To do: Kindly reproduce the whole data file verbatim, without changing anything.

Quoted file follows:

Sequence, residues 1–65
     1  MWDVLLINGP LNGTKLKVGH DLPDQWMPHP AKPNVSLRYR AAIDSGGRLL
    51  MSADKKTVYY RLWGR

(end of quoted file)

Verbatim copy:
Sequence, residues 1–65
     1  MWDVLLINGP LNGTKLKVGH DLPDQWMPHP AKPNVSLRYR AAIDSGGRLL
    51  MSADKKTVYY RLWGR